The first type doesn't know what the hell is going on
The second uses twitter like a tickertape news feed
The third is a sharer
The fourth is a good SM managed commercial account which interacts with followers
These are all self explanatory 

The last are badly managed commercial accounts that are purely there for exposure, in some cases just an account that does little more than serve as a landing spot for the Google search "South Nambour Widget Maker on twitter". In slightly worse cases, there are corporate accounts which use a form of forced social interaction that is an affront to the evolution of communication: "Like our page and tell us why you love unicorns"
The worst case is an account where almost every tweet is little more than a post about their last blog entry/whitepaper. Zero interaction.

I do LOVE Social Media and HATE when people try to quantify what is on it (such as by using stupid lists) and telling people how to use it. However, if you're going to use social media, at least be sociable. 

This all came from a DM I received the other day thanking me for the follow. Here's the bot generated baloney and my response:
Thanks for following. When your favorite brands communicate to you, how often is the message highly relevant?
Thx for following. Was that a real question or just bot generated rhetoric? <-That's a real question. ;-)

So any hoo it's been a few days with nary a response even after I sent ANOTHER follow up message. The key takeaway here is, if you aren't participating, you're not being sociable. You're just yelling from your office window. That's not social media and I emplore you, dear reader, to unfollow this unsociable scourge. 

I mean, would you really talk to this person whom ignores you and instead turns up once a day to yell at you: read my book!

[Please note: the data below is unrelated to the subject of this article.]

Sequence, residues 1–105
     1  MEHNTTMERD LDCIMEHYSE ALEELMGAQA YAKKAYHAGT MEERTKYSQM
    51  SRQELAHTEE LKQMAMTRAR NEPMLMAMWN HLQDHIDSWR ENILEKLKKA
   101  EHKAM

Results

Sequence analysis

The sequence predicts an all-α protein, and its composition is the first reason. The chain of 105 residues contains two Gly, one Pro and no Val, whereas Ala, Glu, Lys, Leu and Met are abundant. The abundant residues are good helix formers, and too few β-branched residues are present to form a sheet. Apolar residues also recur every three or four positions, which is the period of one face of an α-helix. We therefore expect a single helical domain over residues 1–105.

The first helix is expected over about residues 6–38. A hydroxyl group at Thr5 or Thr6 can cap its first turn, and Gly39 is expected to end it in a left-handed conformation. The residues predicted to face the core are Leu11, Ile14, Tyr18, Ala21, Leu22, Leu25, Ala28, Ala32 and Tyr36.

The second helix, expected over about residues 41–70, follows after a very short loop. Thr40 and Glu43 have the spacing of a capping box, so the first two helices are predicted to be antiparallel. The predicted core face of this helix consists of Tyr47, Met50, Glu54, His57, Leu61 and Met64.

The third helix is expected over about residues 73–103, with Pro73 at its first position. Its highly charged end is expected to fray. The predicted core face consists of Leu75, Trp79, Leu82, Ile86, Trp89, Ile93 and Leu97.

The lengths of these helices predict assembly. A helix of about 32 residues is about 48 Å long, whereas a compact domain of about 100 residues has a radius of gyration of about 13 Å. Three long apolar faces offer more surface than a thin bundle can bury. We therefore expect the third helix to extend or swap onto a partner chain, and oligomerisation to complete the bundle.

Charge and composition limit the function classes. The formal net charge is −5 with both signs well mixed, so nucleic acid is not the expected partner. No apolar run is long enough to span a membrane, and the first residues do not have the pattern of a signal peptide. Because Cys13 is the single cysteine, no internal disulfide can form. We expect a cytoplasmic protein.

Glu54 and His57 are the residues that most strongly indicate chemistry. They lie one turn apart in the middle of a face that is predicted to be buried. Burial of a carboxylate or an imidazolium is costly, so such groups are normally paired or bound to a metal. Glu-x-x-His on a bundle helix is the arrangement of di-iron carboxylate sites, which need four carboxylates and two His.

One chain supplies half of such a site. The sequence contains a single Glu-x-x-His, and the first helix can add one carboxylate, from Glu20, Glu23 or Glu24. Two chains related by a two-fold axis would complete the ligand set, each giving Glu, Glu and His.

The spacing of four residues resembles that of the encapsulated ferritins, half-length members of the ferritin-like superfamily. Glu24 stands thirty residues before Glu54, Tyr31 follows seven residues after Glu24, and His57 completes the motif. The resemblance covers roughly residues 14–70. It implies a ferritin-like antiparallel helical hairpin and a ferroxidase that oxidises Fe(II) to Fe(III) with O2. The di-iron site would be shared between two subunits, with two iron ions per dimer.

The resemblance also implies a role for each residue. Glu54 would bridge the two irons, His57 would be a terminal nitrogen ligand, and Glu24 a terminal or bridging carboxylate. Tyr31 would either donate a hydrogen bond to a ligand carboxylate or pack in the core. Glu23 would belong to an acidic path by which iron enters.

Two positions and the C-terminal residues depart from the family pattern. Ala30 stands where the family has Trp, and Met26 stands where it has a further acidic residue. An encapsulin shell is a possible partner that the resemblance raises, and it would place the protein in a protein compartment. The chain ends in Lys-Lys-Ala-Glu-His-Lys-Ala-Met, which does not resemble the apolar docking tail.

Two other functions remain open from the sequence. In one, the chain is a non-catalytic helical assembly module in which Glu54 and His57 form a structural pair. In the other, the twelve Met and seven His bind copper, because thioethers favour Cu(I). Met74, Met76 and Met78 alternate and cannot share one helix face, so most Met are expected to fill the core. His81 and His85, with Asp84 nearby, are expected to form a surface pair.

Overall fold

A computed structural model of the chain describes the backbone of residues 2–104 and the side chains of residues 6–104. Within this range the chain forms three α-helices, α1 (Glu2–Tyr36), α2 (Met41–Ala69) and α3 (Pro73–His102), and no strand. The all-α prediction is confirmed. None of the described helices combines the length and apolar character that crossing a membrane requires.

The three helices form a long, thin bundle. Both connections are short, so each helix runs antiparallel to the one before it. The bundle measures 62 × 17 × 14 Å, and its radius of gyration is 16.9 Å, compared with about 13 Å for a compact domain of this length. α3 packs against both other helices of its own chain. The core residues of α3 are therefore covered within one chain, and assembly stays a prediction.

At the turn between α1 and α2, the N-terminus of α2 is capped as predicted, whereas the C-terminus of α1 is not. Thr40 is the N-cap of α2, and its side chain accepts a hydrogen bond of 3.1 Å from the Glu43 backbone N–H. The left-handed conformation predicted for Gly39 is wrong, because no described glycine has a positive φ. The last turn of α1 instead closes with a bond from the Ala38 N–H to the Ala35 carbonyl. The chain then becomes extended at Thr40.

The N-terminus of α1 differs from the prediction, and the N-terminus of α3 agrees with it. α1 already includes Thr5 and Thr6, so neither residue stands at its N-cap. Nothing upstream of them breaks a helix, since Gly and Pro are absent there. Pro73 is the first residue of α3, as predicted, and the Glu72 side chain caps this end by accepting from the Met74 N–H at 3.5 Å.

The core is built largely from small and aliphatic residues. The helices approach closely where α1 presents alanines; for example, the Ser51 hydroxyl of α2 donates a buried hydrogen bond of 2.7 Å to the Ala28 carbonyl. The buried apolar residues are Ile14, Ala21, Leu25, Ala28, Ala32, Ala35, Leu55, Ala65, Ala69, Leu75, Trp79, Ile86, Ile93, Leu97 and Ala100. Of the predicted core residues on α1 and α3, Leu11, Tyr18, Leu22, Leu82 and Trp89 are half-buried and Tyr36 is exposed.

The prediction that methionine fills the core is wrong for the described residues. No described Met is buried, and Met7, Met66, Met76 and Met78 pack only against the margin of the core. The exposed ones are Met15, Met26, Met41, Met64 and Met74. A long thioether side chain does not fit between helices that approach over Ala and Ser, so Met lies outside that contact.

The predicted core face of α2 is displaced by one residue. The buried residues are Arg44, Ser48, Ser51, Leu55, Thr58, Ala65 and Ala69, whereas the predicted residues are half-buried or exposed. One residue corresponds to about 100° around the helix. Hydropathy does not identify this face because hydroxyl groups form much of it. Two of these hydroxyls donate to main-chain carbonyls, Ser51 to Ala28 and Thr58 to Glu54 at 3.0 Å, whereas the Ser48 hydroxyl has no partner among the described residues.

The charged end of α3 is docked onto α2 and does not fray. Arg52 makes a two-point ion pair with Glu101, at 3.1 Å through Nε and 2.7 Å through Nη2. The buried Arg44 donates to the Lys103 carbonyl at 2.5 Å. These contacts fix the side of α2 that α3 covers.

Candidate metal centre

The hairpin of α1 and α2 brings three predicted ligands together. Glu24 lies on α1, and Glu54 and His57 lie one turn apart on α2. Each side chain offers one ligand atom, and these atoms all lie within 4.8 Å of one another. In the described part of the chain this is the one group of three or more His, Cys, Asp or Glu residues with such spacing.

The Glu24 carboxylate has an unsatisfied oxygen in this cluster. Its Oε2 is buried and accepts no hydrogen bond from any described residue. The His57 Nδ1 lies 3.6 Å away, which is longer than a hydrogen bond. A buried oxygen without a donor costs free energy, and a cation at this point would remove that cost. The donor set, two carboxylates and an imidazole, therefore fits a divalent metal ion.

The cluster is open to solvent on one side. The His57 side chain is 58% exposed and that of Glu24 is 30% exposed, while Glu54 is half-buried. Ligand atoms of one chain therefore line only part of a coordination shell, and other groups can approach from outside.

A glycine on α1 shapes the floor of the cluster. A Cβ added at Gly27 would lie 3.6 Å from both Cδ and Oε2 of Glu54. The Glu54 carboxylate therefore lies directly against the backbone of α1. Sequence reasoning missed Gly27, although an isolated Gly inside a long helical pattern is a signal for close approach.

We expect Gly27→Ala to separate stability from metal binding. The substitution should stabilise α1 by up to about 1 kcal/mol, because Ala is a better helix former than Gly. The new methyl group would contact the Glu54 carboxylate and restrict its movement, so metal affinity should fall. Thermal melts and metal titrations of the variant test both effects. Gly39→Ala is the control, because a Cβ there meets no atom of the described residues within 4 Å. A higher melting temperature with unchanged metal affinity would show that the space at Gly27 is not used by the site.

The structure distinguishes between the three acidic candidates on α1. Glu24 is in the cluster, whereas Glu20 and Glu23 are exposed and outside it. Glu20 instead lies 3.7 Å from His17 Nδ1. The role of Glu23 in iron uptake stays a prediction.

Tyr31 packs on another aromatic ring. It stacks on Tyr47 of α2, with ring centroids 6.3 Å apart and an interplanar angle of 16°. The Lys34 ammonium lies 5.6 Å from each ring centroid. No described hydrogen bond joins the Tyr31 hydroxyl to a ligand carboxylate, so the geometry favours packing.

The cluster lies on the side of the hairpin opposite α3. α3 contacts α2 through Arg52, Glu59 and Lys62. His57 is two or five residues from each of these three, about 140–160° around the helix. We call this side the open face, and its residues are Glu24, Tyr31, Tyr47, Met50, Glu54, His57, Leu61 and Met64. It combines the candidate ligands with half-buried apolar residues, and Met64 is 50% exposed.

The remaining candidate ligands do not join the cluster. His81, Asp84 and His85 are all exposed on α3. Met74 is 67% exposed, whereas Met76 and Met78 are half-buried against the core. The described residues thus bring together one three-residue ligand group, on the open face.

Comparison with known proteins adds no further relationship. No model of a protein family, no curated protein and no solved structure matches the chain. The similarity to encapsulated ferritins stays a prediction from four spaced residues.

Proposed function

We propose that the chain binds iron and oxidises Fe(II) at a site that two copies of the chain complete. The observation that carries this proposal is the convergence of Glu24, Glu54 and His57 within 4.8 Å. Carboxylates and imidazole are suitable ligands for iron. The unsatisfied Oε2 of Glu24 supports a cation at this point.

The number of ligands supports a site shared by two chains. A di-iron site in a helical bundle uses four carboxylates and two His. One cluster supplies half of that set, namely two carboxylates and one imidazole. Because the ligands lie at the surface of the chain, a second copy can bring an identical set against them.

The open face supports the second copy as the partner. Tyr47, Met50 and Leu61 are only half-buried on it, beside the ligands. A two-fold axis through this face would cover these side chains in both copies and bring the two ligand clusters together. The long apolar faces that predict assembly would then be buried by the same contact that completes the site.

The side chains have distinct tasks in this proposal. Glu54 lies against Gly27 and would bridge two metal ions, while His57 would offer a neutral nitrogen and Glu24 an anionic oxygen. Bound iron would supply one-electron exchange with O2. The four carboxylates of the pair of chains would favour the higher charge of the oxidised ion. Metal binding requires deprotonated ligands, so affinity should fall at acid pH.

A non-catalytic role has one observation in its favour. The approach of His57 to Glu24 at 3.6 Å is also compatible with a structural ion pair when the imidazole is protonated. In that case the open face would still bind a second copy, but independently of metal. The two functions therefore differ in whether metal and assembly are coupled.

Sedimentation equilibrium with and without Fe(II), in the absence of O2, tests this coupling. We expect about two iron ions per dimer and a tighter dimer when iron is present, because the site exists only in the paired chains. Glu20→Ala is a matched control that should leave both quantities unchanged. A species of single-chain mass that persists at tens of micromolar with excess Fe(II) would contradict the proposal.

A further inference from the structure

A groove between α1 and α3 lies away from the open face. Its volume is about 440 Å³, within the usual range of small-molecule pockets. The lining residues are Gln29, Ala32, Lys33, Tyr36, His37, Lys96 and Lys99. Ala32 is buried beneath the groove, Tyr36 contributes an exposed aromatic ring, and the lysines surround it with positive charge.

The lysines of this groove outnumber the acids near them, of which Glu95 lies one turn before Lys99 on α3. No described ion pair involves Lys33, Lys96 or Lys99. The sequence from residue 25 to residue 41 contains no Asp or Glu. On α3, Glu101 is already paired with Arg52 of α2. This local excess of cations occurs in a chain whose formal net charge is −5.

It's the only way they'll listen.

Some dude called mikmakgmi and his nipple

Thursday, May 23, 2013

Another Victory for Homogeny

"You can't tell me it's selling less than the Camry? We have a market full of people with bad taste". From the mouths of babes. Well, A babe; my wife in fact.

This was my wife's response to the news that Ford Australia are ending local manufacturing operations in Australia. Not only is this an end to the Falcon and Territory, but it is the end of an iconic Name plate AND an iconic engine from the 250 cross flow to the BarraTurbo (or seagull as it was known internally because it shat on everything else).

The Ford Falcon, which began Australian assembly in 1960 (essentially in the same place where manufacturing will end in October 2016) has been an Australian stalwart of toughness, comfort, firepower, laughs and silver screen infamy.

What is really lost today, is a piece of Australia uniqueness: a part of our identity. Non-car people don't understand what the Falcon represents to car people. It's a statement of Australians being able to do things better than the rest of the world and do it for less.